Jun 28, 2023

In initial sensory perception, neurons appear to favor speed over accuracy, study suggests

Posted by in category: robotics/AI

When an animal takes notice of an approaching figure, it needs to determine what it is, and quickly. In nature, competition and survival dictate that it’s better to think fast—that is, for the brain to prioritize processing speed over accuracy. A new study shows that this survival principle may already be wired in the way the brain processes sensory information.

Kumar and fellow KTH neuroscientist Pawel Herman collaborated with KTH information theorists Movitz Lenninger and Mikael Skoglund to study input processing in the using and computer models of the brain. Neuroscientist Arvind Kumar, an associate professor at KTH Royal Institute of Technology, says that the study offers a new view of neural coding of different types of inputs in the brain.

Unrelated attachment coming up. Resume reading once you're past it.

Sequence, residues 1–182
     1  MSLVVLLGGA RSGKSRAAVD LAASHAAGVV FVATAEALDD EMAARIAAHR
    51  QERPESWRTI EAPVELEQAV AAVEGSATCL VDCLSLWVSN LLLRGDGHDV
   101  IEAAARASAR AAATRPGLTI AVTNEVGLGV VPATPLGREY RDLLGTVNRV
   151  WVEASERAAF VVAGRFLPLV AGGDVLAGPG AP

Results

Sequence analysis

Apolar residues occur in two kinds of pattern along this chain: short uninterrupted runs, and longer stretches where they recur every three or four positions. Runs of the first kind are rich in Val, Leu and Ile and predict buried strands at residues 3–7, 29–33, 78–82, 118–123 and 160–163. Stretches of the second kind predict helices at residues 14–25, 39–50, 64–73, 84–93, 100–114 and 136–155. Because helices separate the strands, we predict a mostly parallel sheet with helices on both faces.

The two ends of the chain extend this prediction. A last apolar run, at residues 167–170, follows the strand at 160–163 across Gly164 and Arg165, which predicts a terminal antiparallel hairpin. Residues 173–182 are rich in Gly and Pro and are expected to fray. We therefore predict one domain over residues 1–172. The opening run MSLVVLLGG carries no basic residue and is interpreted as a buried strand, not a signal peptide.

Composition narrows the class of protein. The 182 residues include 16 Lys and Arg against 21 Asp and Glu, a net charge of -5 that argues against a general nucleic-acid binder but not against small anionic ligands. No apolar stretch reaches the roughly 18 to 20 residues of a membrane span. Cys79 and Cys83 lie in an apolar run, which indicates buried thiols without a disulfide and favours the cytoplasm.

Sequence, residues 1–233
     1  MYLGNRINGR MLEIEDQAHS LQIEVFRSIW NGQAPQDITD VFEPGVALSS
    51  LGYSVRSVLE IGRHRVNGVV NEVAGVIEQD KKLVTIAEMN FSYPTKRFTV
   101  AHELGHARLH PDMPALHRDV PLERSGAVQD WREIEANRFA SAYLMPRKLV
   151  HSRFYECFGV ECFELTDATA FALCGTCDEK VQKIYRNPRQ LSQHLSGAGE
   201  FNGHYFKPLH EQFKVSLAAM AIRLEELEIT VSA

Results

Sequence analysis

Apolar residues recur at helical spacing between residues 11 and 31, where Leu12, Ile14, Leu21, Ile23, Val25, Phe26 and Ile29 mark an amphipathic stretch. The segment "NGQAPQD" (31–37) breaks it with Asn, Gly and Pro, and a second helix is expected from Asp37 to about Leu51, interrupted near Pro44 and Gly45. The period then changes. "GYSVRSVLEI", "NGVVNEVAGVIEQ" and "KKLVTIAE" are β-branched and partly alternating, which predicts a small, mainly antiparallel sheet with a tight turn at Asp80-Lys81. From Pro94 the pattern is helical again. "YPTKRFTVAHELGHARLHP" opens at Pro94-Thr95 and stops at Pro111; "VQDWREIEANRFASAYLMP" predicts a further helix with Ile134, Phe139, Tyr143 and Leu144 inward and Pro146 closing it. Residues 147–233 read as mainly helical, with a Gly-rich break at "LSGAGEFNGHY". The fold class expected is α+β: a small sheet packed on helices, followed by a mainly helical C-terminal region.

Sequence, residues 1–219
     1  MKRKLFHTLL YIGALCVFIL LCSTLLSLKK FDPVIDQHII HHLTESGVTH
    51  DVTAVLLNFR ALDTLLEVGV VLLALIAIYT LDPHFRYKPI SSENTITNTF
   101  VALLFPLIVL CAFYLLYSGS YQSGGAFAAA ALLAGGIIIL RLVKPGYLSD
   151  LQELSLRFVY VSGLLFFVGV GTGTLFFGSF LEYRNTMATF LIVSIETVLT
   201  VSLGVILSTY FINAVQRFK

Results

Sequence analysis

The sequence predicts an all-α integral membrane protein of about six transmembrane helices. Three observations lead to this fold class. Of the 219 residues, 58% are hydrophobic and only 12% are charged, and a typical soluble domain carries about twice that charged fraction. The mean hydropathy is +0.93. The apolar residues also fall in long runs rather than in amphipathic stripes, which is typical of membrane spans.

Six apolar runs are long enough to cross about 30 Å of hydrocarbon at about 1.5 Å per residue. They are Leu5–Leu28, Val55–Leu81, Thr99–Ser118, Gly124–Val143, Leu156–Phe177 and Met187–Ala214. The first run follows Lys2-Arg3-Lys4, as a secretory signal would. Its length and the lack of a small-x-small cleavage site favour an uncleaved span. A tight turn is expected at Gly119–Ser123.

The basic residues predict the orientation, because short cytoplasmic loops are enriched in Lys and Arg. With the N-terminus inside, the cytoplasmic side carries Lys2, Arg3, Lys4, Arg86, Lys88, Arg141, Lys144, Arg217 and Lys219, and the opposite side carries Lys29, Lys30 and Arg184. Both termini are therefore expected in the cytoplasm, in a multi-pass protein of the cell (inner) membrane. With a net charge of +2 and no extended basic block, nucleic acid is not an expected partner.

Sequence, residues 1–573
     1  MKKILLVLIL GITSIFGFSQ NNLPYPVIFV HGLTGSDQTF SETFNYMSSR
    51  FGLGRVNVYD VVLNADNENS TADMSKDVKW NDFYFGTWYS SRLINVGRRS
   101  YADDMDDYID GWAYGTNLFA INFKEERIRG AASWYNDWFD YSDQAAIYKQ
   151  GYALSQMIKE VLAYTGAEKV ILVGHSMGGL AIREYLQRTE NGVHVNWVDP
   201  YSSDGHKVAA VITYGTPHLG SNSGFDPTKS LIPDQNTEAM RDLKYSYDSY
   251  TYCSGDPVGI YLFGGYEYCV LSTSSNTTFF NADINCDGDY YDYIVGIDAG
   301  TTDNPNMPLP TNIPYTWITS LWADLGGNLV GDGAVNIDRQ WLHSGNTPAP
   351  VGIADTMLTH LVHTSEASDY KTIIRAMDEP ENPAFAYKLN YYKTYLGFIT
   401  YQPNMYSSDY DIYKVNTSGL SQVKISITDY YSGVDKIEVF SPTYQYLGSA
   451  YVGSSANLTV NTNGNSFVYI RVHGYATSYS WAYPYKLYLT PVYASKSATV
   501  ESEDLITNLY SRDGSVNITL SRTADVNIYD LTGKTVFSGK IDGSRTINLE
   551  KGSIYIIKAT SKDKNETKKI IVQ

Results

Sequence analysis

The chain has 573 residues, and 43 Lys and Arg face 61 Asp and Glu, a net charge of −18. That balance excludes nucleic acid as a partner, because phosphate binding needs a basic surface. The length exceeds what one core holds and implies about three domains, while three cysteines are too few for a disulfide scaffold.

The new study surprisingly shows that initial visual processing is “quick but sloppy” in comparison to information processing in other parts of the brain’s vast neural network, where accuracy is prioritized over speed. The paper is published in the journal eLife.

Leave a reply